But beyond works of academic history and the terms of public debate, there are stories. Thousands of families in Poland, the United States, Israel and elsewhere have stories like that of my aunt Rose. That thousands of Poles risked their lives to save Jews is true. But it is also true that in a dehumanizing war, many more found ways to profit from their neighbors’ suffering or persecuted them outright, whether for self-preservation or from malice.

It is a mark of maturity for a nation to be able to confront the darkest pages in its history. By this measure, although the process has been painful, post-Communist Poland has done rather well. This makes the new legislation all the more disappointing. Why try to stuff the historiographic cat back in the bag? What do the Law and Justice Party and its supporters hope to gain?

The answer has much to do with the currents underlying Polish political life. For 200 years, Polish politics has oscillated between two modes: the insurrectionaries and the state builders. From the 1794 Kosciuszko Uprising against Russia to the Solidarity movement of the early 1980s, a heroic confrontation with a powerful oppressor occupies the moral center of Poland’s politics. (In my family, too: My great-great-grandfather lost an arm in the January Uprising of 1863.) But while the heart of the nation lies with the insurrectionaries, most of the responsibility falls on the state builders.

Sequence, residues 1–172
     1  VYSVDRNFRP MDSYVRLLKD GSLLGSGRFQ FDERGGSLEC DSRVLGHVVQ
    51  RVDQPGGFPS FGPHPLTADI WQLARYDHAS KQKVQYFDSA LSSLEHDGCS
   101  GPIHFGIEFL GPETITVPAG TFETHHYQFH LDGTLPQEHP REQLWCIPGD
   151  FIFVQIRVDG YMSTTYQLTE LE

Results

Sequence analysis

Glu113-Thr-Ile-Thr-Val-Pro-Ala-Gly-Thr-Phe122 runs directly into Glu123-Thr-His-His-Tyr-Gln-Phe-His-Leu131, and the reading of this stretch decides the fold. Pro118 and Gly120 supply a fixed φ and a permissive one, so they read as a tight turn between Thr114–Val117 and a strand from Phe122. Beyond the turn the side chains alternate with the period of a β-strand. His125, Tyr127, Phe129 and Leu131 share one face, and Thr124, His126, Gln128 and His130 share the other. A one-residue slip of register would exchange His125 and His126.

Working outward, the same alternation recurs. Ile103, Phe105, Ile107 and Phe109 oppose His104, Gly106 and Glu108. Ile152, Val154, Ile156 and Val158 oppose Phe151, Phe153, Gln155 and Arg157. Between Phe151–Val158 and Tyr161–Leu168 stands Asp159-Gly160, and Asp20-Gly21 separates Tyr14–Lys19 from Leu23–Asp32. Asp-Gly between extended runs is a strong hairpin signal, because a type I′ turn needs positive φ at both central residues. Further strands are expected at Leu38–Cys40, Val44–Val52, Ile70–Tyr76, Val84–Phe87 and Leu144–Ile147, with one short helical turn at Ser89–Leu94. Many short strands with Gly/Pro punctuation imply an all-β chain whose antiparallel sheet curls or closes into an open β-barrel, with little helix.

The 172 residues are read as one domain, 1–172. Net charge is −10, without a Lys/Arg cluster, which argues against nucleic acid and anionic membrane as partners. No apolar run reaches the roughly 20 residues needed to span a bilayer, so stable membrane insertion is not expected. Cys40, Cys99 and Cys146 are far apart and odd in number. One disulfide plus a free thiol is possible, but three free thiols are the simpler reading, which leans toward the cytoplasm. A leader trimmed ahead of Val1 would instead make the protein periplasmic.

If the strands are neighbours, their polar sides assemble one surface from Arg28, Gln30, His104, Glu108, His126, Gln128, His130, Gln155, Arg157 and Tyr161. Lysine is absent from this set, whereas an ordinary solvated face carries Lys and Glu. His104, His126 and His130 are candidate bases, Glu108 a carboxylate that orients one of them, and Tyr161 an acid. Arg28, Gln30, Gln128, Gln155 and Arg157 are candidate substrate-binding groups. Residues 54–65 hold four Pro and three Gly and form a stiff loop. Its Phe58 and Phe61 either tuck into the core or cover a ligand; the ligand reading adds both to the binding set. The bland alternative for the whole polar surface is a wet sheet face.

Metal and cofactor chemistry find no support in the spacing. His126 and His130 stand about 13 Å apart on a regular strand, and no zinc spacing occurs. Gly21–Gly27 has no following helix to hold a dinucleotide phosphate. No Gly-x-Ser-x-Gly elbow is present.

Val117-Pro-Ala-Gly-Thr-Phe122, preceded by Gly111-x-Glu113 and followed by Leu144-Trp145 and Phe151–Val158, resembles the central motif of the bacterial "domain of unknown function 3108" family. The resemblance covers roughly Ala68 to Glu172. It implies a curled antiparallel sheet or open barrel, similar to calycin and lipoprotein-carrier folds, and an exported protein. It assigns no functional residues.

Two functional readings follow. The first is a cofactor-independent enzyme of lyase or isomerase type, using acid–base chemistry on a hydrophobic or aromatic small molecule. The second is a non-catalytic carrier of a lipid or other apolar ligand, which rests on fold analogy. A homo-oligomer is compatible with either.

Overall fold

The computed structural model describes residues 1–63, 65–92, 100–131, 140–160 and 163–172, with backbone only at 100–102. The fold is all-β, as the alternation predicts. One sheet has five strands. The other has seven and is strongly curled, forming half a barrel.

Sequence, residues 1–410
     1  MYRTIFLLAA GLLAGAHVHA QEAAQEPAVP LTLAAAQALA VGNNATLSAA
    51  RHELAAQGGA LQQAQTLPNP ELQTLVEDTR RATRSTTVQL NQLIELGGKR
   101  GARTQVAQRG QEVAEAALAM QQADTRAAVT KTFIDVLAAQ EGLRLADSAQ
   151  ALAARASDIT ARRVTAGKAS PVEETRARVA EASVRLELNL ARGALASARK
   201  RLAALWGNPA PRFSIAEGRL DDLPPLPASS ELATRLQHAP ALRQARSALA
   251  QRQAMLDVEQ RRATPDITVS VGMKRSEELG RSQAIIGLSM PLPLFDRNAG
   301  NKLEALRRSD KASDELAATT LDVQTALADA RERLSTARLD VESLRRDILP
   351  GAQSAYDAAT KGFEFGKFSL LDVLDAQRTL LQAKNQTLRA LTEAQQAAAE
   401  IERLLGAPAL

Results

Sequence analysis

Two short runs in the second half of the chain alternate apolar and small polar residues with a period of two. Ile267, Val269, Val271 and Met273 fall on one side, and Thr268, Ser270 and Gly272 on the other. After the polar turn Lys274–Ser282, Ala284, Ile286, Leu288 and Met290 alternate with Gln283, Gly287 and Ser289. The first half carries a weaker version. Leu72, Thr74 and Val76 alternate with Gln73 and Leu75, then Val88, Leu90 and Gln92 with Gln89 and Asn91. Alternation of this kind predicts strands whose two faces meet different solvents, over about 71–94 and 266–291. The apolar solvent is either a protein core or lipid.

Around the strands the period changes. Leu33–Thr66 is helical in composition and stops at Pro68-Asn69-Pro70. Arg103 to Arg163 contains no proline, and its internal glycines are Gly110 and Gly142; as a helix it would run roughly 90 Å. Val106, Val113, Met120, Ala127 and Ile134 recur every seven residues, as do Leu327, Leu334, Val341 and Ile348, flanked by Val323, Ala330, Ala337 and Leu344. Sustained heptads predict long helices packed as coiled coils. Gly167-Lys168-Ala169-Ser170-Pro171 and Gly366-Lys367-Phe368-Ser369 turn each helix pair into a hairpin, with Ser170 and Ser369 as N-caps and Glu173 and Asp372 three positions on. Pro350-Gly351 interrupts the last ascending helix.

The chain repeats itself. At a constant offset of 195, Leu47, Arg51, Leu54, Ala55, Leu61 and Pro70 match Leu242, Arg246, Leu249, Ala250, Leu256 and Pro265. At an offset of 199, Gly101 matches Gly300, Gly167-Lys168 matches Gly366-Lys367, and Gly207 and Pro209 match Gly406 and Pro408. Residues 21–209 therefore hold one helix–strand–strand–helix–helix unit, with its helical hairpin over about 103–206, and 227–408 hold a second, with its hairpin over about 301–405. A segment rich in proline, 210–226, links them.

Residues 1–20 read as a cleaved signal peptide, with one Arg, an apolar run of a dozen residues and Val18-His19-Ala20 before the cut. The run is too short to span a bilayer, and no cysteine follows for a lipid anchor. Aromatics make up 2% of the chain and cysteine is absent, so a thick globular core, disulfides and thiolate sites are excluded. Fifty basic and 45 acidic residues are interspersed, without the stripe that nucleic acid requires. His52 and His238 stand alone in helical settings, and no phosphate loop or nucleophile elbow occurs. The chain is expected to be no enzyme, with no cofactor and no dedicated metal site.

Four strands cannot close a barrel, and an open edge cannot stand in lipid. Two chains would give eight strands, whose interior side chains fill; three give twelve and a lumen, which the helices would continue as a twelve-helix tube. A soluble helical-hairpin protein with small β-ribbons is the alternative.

The Democratic Left Alliance and the centrist Civic Platform — two of the most influential parties in Poland since the fall of Communism — belong to the camp of state builders. Despite being conservative, Law and Justice exists squarely in the insurrectionist tradition. When the party finally came to power, its leaders said it was the start of a new era, a Fourth Republic, sweeping away the Third Republic inaugurated in 1989.